Register plate or closure plate? What is the difference?

Register Plates

Metal closure plateA closure plate and a register plate are not the same. A register plate is used when a chimney has no stainless steel liner. It closes off the chimney at its base, just above a wood burning stove. It acts as a barrier to prevent the smoke and fumes in the chimney entering the room. The register plate must therefore make a sturdy seal between the room and the chimney and MUST be made of galvanised or stainless steel (or other non-rusting metal) at least 2mm thick.

Why does it need to be made of metal?

Well if a register plate failed then smoke could enter the room. This could happen, for example, if a brick fell from inside of the chimney.

A register plate will usually have access doors to allow the sweep to access any chamber above it to remove fallen soot.

Chimney Liner

It is rare nowadays that chimney liners are not fitted (although stove flue pipes might be connected directly to pot lined chimneys) and therefore register plates are less common on new installs. Modern wood burners are highly efficient and this means that LESS heat goes up the chimney. It is the heat that gives the draft (hot air rises and the hotter then the faster it rises).

The more efficient the stove the less heat is wasted up the chimney and the more likely that a liner, rather than a cold void, will be what the stove requires to function correctly.

“Avoid the void” is a common expression heard on stove installer training courses.

Closure Plates

closure plate above a wood burning stoveA closure plate and a register plate are two different things but do a similar job. A closure plate is used when a chimney liner, containing flue gases, is present. The closure plate is therefore only required to seal the chimney for cosmetic reasons, to stop soot old soot falling on the stove but also to stop heat disappearing up the chimney and being wasted. If a closure plate developed a fault (e.g.hole) smoke could NOT enter the room.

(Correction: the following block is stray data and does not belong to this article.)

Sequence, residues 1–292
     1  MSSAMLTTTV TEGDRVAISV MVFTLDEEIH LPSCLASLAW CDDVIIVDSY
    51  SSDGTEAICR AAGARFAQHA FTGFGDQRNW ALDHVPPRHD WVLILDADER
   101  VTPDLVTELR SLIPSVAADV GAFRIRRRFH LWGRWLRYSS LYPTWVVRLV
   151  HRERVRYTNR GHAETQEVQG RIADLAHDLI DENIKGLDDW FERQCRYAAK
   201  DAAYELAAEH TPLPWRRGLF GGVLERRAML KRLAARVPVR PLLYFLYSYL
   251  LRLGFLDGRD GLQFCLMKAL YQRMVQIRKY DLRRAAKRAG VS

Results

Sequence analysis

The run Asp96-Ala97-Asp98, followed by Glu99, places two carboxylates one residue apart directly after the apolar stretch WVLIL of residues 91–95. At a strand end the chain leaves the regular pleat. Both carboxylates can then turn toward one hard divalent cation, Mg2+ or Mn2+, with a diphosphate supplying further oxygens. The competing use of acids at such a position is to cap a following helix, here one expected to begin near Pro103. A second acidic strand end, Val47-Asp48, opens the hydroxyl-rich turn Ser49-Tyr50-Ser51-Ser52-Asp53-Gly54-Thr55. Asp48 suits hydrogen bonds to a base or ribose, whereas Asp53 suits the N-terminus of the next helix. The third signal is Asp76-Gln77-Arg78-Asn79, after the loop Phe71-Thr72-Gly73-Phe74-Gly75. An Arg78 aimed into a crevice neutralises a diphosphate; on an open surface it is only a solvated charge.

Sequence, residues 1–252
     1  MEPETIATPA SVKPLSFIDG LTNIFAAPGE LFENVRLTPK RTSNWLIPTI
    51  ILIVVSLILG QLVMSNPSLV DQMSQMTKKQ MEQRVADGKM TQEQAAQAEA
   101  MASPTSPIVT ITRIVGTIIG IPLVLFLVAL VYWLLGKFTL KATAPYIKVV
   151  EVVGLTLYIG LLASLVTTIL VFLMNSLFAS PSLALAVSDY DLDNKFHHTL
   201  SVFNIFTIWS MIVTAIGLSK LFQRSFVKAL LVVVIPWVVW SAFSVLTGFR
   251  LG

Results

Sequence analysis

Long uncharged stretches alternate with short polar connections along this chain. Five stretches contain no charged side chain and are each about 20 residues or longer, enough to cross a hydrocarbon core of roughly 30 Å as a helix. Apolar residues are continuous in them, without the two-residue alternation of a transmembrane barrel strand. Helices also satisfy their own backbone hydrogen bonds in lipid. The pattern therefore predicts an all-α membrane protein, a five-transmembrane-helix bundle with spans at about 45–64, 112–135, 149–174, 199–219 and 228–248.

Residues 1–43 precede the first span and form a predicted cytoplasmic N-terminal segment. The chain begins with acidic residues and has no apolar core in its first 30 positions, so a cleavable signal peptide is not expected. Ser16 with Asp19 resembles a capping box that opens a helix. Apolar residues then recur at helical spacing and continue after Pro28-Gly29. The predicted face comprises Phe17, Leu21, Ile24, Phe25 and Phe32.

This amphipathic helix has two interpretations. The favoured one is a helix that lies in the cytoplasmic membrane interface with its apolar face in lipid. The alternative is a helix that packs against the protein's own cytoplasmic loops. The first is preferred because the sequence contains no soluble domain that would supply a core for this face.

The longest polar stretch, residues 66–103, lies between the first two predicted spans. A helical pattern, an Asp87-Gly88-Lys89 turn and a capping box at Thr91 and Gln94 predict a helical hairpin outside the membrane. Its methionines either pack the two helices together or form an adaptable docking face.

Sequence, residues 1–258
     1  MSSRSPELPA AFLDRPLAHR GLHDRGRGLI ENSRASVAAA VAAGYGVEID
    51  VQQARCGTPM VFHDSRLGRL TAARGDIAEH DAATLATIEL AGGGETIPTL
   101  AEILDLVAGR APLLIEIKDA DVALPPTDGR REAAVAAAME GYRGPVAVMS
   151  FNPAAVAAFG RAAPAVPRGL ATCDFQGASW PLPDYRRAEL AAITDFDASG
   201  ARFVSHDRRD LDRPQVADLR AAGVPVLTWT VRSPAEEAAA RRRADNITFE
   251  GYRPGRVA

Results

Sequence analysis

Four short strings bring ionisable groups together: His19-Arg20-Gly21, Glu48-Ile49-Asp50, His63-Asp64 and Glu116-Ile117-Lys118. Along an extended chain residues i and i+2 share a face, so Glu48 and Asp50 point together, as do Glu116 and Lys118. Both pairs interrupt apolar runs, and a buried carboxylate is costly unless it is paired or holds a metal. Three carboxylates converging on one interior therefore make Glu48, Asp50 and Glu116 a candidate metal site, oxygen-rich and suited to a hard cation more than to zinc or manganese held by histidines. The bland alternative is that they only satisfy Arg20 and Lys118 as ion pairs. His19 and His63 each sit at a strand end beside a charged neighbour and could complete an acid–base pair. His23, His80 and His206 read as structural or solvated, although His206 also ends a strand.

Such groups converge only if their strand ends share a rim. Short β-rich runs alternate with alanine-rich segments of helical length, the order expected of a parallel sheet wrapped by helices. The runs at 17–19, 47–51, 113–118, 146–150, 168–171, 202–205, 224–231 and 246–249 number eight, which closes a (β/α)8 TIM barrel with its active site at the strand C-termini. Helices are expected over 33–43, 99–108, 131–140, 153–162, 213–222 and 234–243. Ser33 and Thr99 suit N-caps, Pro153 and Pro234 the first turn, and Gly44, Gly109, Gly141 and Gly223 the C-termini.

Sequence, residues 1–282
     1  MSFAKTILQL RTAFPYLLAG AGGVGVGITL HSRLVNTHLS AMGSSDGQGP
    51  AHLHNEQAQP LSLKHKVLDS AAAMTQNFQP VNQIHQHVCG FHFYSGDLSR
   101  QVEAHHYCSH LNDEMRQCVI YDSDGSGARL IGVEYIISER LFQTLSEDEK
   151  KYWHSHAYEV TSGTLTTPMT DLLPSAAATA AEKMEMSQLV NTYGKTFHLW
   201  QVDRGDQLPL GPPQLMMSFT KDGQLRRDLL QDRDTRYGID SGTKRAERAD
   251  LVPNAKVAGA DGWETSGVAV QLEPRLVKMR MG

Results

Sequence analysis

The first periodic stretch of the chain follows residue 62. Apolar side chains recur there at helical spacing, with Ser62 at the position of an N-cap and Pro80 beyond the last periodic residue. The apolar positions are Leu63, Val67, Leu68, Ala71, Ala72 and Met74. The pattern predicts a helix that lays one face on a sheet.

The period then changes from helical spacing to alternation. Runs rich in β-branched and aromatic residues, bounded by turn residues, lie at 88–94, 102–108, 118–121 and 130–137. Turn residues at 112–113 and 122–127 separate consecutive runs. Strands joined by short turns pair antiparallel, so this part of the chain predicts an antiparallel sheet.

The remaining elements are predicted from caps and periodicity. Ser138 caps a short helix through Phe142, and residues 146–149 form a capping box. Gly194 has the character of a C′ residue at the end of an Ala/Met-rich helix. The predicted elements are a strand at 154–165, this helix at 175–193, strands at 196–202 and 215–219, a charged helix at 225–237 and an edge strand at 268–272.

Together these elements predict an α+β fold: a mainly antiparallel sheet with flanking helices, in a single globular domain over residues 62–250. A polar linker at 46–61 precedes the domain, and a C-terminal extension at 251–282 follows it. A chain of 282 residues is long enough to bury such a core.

A closure plate can be made of any non-combustible material. In the picture on this page the closure plate is made of 12mm Hardiebacker concrete board which is arguably much easier to cut than metal. Hardiebacker available from Travis Perkins/B&Q etc. about £12 a sheet 1.2m x 0.8m.

Note that the small square plate around the stove pipe is our sealing plate (included in our liner fitting pack).

HardieBacker® 12mm cement backerboard (previously named HardieBacker®500) has been evaluated in accordance with the protocols and acceptance criteria of EN 12467 and was found to be compliant. HardieBacker® 12mm cement backerboard is fire rated class A1, meaning the product is non-combustible. HardieBacker® 12mm cement backerboard is CE approved and BBA certified since May 2004.

How do I fix a closure plate?

Do I have to fit a closure plate?

You have a stove and it is connected to a vitreous pipe and this is connected to a chimney liner. The liner connects in the correct way to a chimney pot or cowl.

I do not believe that there is anything in Doc J of the Building Regulations says that you must have a closure plate (unlike a register plate which is a must have if there is no liner).

It is a very good idea though. Chimneys cam smell sooty. Soot can fall from the old chimney onto your stove. The chimney may draw air from bottom to top (finding gaps around the cowl) and this is all draw denied to your stove.

£ PRICE MATCH £

We will happily strive to match any price you may have from any other supplier as long as the other supplier has it in stock.
Offered an "ex-display" or "shop soiled"? We will strive to offer you a new stove for the same price.

Already have a chimney? You need 1. Stove 2. Liner 3. Fitting Pack 4. Chimney closure plate (Hardiebacker board from Builder's merchants or galvanised sheet).That's it!
No chimney? Check out our shed kits or let us design your clip-together chimney design - easy peasy.

Julian Patrick, author of the Stovefitter's Manual

Stovefitter's Warehouse is owned and managed by Julian Patrick, blogger and author of The Stove Fitter's Manual. Julian was previously a full-time installer of wood-burning stoves (including solid fuel heating systems). He laid down the tools in 2013 to write his stove manual and open a small shop in North Wales (the Wood Stove Hut, soon to grow into The Stovefitter's Warehouse).

More info about the company and Julian's team here